|Image is from Flickr.com under a Creative Commons license|
This is Oslo and he is a Weimaraner. Except for the occasional exception, this breed only comes in one color. Oslo is that color. In the breed it color is called mouse-gray, but it is also known as fawn and Isabella. Here is Oslo's genotype:
Oslo is liver. Though he seems awfully pale for it, he is. The reason why he is so pale is due to a combination of the liver dilution gene and the next gene I will speak of. For Oslo to be the color that he is, he must be bb liver.
This dog is also blue. As I mentioned, the fawn color is caused by the action of two genes together: the liver gene and the blue dilution gene. Liver lightens the coat, and then blue lightens it even further until it is this light gray color with pale skin pigment to match and very pale eyes. For Oslo to be the color that he is, he must be dd blue.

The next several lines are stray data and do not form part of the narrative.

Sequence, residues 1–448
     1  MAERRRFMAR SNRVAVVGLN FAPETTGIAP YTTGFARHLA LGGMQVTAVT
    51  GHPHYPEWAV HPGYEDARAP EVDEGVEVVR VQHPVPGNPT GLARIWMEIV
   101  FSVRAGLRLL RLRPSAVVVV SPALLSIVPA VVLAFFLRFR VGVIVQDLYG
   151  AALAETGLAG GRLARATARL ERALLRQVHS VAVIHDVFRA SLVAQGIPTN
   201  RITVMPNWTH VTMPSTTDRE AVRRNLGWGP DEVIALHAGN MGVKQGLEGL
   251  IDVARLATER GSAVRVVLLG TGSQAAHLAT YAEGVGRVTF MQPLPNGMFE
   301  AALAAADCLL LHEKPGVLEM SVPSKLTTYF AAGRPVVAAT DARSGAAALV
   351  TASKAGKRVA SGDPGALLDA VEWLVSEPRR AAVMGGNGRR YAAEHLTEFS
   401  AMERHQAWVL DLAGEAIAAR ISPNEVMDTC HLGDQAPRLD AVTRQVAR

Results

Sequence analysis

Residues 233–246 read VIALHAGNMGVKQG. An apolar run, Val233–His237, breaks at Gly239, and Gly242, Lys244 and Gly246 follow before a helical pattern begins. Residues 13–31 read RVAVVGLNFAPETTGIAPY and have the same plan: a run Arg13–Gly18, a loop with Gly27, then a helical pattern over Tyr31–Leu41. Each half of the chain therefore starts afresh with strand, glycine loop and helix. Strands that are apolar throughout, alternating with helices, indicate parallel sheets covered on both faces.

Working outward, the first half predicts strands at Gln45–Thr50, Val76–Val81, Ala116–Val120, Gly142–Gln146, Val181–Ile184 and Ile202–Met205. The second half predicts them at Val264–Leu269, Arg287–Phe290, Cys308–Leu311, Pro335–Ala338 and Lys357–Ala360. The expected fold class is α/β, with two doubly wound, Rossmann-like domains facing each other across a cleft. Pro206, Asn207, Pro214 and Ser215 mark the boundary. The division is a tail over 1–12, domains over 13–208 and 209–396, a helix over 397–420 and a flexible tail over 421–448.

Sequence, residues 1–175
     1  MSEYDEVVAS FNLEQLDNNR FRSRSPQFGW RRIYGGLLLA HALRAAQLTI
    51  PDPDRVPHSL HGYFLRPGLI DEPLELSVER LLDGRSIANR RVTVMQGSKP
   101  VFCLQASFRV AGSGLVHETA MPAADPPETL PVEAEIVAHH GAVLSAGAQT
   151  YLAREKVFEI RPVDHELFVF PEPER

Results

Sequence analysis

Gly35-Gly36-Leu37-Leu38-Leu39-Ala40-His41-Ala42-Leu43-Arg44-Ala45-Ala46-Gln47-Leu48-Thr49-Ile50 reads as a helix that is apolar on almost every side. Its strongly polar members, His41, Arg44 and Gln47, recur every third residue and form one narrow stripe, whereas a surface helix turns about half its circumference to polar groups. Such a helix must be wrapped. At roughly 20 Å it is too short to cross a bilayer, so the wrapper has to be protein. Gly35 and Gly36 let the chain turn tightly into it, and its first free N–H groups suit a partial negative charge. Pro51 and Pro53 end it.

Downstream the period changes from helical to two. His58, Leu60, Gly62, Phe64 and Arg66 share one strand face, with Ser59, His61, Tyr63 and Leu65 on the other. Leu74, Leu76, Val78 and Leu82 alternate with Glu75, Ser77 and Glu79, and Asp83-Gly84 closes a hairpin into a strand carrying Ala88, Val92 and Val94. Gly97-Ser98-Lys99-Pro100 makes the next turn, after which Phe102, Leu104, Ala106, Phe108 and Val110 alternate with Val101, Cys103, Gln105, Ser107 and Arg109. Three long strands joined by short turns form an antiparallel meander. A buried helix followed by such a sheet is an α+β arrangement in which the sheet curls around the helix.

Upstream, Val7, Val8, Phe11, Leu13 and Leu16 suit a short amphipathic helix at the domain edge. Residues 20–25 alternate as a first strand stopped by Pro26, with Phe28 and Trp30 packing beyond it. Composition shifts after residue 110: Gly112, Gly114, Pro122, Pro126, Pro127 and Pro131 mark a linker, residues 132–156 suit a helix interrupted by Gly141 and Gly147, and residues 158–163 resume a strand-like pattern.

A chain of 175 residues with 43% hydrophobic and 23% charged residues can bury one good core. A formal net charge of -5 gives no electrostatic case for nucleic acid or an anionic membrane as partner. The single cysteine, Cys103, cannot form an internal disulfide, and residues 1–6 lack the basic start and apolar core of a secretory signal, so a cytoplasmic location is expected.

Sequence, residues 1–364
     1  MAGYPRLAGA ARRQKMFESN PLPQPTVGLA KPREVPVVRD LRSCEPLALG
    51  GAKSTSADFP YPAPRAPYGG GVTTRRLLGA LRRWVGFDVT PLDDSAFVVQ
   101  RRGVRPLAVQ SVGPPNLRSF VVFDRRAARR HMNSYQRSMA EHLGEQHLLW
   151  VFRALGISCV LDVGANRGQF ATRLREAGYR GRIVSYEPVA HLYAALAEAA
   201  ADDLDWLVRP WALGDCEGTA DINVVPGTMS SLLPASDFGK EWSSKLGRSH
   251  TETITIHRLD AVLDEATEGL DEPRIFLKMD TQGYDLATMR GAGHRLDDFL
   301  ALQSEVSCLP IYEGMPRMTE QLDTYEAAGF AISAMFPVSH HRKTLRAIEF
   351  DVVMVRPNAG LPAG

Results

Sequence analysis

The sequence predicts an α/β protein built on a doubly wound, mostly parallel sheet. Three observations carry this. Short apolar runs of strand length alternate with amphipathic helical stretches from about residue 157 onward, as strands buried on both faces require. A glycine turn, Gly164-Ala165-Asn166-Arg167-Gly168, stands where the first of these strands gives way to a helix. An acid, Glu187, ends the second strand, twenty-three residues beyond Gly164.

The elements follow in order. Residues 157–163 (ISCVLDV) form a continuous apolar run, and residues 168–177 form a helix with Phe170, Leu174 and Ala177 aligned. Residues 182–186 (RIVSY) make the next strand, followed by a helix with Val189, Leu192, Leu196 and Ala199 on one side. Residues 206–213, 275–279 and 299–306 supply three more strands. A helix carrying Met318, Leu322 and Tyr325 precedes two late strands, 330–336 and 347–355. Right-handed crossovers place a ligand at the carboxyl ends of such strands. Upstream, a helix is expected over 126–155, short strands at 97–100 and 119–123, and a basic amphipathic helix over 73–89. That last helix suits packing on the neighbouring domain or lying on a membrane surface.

Lastly, it's important to note that the blue and liver genes only act on black hairs in the coat. Due to that, Oslo must be solid black under the genes that diluted his coat. There are two forms of black, but recessive black is unusual and in Weims the black gene that is present is the dominant black gene. Since it doesn't appear that Weimaraners have any other form of the K locus, Oslo must be KK dominant black.
So, that's bb dd KK or mouse-gray/fawn/Isabella.